I know, I know; I’m a year off on this one, thus totally ruining my reputation as a hipster-twenty-something.  So sue me. 

The Killers’ first single off last year’s album Day and Age was the song “Human” (music and lyrics above).  According to the Killers official website, the song was inspired, at least in part, by a quote from Hunter S. Thompson who claimed that Americans are raising “a generation of dancers.”  “Dancers,” in this context, is a pejorative term referring to the shallow self-absorption in which we find ourselves.  And so the band asks the probing question, are we more?  “Are we human, or are we dancer?” 

LEGENDS OF THE FALL

But what does it mean to be human?  This has been a problem psychology has probed for years.  There’s even a whole division of psychology called “humanism,” whose origins are credited to one Mr. Abraham Maslow.  I can’t think of anyone better to summarize Maslow’s work than writer Donald Miller:

“Maslow held that man was motivated by a hierarchy of desires: A person would seek food, then shelter, then sex, then companionship, and on and on.  Only when one need had been fulfilled would he pursue the next until, at last, he had achieved what he referred to as ‘self-actualization.’  I don’t remember what Maslow said happens after self-actualization.  I suppose a person wins a stuffed bear; the specifics of the theory escape me.”  (Donald Miller, Searching for God Knows What, p. 30)

Self-actualized?  But what is this “self” I’m supposed to be actualizing?  Modern theories send us only further inward into our own souls like a dog chasing his own tail.  Deep down I suspect the reason the Killer’s song owes its success to its stirring question as well as its infectious beat. 

The Hebrew scriptures tell us that man is uniquely made in the tselem, or image of God.  My nerdier readers will be familiar with the Latin term imago Dei, the “image of God” (btw, it’s pronounced “ih-MAH-go DAY” – try it; you can impress people at parties).  

What does it mean to bear God’s image?  It’s not that we look like God.  It’s that as humans we share certain attributes of God.  In the immediate context of Genesis, we share God’s creativity and relationality.  But it also refers to our intelligence, our will.   In this strange Latin phrase, we find our basis for personhood. 

And sadly this image has been so terribly broken by our ancestors.    There was a day, long ago in a perfect garden, when man turned against his Creator and got thrown out.  And every day since then, we have been handed down this broken image, like some ugly, tragic family heirloom.  This is what Martin Luther called “the incurvature of the soul,” that we are fundamentally bent and twisted, seeking no one’s good but our own.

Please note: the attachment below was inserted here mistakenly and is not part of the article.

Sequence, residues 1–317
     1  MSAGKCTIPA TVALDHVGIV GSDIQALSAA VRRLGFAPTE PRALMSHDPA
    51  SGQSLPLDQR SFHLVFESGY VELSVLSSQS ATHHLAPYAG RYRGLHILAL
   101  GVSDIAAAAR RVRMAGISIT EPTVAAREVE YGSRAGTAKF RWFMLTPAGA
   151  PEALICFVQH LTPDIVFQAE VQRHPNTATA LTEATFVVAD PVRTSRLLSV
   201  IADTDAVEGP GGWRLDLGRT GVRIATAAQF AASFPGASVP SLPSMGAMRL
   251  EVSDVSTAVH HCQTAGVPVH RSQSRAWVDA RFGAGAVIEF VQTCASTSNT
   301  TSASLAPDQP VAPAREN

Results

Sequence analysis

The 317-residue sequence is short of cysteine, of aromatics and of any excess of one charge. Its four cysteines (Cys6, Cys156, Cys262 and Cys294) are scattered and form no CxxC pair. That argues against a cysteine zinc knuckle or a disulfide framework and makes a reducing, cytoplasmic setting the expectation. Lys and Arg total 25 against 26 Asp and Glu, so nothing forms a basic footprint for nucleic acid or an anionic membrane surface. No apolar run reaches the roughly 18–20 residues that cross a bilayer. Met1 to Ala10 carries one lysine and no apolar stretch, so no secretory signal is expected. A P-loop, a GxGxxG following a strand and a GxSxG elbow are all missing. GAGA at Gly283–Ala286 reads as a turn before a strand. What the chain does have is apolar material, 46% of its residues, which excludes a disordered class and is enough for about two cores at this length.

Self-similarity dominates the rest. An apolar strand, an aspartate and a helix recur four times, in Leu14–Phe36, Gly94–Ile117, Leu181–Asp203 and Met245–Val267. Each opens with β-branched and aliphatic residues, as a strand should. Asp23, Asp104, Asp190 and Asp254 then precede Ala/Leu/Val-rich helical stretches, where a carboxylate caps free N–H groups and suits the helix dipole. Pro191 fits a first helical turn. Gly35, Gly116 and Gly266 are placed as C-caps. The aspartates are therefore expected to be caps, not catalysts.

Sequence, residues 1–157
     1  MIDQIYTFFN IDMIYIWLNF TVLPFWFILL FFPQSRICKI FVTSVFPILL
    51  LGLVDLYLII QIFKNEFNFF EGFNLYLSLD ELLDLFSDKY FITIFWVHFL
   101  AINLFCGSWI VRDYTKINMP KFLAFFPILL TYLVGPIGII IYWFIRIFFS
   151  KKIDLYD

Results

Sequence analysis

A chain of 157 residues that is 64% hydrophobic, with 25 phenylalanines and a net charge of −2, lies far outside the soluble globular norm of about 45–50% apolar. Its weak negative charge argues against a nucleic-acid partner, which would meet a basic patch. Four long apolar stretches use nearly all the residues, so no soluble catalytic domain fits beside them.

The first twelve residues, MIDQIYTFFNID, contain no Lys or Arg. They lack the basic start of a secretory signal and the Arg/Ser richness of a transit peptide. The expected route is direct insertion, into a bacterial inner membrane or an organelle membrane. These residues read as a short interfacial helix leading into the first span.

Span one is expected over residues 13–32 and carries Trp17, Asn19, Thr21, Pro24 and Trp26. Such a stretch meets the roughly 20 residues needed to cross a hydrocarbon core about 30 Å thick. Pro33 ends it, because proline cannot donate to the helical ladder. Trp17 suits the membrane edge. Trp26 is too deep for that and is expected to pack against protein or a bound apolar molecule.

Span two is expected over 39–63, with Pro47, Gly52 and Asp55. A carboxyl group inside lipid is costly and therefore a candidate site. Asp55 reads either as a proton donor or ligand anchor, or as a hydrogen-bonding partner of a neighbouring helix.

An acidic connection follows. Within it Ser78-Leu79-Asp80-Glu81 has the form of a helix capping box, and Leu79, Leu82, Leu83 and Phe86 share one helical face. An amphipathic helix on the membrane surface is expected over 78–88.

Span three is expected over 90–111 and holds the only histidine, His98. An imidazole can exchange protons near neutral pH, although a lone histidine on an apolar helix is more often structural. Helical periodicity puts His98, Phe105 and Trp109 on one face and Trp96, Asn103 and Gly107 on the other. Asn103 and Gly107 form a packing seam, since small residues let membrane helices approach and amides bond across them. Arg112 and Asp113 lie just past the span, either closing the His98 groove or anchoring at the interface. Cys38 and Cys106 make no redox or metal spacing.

REDEEMING THE IMAGE

We know we’re lost.  We know we’re in trouble.  We know we’re far from Eden, our former home.  That’s why culturally we become “dancer,” seeking the numbing effects of our world in a vain attempt to assuage our homesickness.  

In scripture, we find the Psalmist petitioning the sky, “Father what is man, that you are mindful of him? (Psalm 8:4)”  The apostle Paul asks, “Wretched man that I am! Who will set me free from the body of this death? (Romans 7:24)” 

The answer to these most painful of life’s questions came not through a program of self-help (there’s an oxymoron for you to chew on), not through a press kit or a political philosophy. 

For God, the answer to this question was a pregnancy

Redeeming the image that had been broken meant that God Himself would lay aside the robes of divine privelege and put on the overalls of human weakness, even to come to earth as a child, laid in a feeding trough. 

Jesus was God.  In the flesh.  Flesh means “human.”  Jesus was uniquely God and human, and in His humanity, He demonstrated what it means to truly be human, to live a life of abundance and of conformity to His Father’s good character.

No one says it better than Athanasius, who wrote a fourth century text called On the Incarnation.  Athanasius was a short man from north Africa, which earned him the title “the Black Dwarf” (not making that one up, folks; but he was a highly respectable man in his day and in ours).  Athanasius wrote quite beautifully on the restoration of God’s divine image: 

You know what happens when a portrait that has been painted on a panel becomes obliterated through external stains. The artist does not throw away the panel, but the subject of the portrait has to come and sit for it again, and then the likeness is re-drawn on the same material. Even so was it with the All-holy Son of God. He, the Image of the Father, came and dwelt in our midst, in order that He might renew mankind made after Himself… (St. Athanasius, On the Incarnation, III.14)

The early church would later use the word theosis.  It refers to the act of becoming “God-like.”  Not that we become God, but through God’s Spirit-mediated guidance we ourselves can “become conformed to the image of the Son (Romans 8:29).”  And we quite equally have hope in a future reality as well, for we know that “we are children of God, and it has not appeared as yet what we shall be. We know that, when He appears, we shall be like Him, because we shall see Him just as He is (1 John 3:2).”

Jesus was human.  We are dancer.  But through His example and the gift of His Spirit, we may learn to dance the rhythms of our Creator, in whose image we were created, and whose image we strive daily to obtain.

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